Due to the current power dynamics, traditional leaders, male head of regions and institutions must be carried along for a proper standing to be effective so as to #endcuttinggirls

In leadership, men still hold most of the hottest government and leadership seats and as such have a bigger space to influence change and integrate new reforms in their respective communities.

And since the process of this doesn’t end with this generation or next, it must also involve the next generation of men; BOYS, as they will also be majorly involved in the decision making process of the continuum. Within the Nigeria context, men easily get ‘sanctioned’ when they deviate from upholding patriarchy and adhering to some ‘expected codes’ by fellow men, this is why a subtler means must be adopted to involve men is the process.

This process must stand to be of benefit or interest for the boys and men to really buy into the process as this will be to them like an incentive.

Therefore, the first major point of call for this model will be, using those that stand as role models to key into the general effort to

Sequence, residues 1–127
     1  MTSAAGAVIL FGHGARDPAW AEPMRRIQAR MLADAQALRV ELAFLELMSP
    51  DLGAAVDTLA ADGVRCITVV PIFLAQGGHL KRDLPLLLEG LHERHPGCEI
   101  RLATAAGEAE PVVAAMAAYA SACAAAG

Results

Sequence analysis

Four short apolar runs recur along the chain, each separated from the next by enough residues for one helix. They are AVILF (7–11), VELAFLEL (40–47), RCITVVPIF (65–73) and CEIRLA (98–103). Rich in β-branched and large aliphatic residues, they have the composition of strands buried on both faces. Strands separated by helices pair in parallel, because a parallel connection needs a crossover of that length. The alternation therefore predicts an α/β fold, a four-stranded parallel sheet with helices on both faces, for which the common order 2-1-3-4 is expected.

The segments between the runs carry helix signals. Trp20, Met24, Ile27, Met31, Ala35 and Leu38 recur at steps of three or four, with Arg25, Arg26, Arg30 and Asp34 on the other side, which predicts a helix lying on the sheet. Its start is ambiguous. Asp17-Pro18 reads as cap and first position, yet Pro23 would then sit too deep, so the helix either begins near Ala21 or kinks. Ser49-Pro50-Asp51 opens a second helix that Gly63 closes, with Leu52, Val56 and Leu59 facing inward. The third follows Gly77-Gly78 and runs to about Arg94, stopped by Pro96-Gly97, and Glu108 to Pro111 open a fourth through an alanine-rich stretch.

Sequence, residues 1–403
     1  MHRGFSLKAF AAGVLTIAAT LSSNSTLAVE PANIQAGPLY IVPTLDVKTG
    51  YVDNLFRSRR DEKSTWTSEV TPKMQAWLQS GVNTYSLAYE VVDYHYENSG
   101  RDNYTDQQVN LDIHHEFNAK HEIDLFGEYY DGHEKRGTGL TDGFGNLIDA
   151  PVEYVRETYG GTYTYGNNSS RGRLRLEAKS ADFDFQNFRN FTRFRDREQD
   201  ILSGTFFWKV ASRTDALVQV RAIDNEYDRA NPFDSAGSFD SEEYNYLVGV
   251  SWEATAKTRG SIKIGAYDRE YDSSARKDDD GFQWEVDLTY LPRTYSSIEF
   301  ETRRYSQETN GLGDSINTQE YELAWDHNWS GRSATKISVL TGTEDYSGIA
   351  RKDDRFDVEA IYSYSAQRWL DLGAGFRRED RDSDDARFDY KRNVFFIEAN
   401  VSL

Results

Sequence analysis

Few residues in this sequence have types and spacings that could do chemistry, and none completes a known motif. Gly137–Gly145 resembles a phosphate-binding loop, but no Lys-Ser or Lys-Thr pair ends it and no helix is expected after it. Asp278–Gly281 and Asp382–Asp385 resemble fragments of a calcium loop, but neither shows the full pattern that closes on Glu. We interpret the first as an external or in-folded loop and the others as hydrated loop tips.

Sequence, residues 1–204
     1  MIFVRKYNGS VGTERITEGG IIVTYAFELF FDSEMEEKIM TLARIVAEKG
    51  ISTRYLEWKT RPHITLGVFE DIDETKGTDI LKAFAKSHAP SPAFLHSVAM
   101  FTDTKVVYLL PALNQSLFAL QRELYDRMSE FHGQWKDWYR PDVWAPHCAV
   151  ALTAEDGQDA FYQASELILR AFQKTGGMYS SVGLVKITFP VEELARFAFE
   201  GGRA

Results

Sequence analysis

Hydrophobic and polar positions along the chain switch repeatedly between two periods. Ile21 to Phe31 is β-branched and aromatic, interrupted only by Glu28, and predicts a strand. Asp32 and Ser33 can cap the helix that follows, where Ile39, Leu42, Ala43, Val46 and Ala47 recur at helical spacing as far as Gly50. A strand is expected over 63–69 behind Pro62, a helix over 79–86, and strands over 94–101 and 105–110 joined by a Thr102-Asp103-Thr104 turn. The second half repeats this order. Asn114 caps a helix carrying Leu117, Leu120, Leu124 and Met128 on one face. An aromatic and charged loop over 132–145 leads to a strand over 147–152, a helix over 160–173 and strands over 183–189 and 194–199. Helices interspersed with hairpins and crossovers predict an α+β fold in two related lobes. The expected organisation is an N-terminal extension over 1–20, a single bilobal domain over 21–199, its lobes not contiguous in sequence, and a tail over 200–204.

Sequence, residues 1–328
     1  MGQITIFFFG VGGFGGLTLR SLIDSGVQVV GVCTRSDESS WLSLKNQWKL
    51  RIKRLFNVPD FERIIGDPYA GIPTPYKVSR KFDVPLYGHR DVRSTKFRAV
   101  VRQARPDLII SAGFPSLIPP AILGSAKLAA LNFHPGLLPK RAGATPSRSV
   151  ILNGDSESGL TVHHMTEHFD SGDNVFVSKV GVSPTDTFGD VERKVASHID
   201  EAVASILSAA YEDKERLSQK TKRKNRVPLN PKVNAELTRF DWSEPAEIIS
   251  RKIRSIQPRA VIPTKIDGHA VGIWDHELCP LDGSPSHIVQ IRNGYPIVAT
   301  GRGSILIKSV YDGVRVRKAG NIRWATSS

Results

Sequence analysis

As this will pave way for younger men to be influenced by these front liners into keying into the effort as well.

 How then do we integrate and involve these men and the boys in the effort  to #endcuttinggirls ?

  • Develop and support adequately resourced research and analysis on FGM, including the collection of comparable statistical data across all affected regions.
  • Support interventions aimed at building bridges between the very many levels of the communities as this will make the effort to  a supporting one for them as well
  • Promote, design and implement projects and programmes that take into account the role of men and boys in contributing to the abandonment of FGM in the communities.
  • As FGM is a social norm, we must also take into consideration the social function it serves within the communities and the importance of alternatives to the social expectations, if needed.
  • Develop a policy framework on violence against women and girls which includes FGM and mainstream the issue in existing internal and external policies in the communities.
  • Explore the linkages between FGM and other forms of Gender Based Violence, including child marriage.

Various gender issues surround FGM as the practice is done for various reasons that are gender biased such as making sure the girl child is a virgin till marriage, ensuring her marriageability, ensuring she doesn’t cheat on her husband amongst others.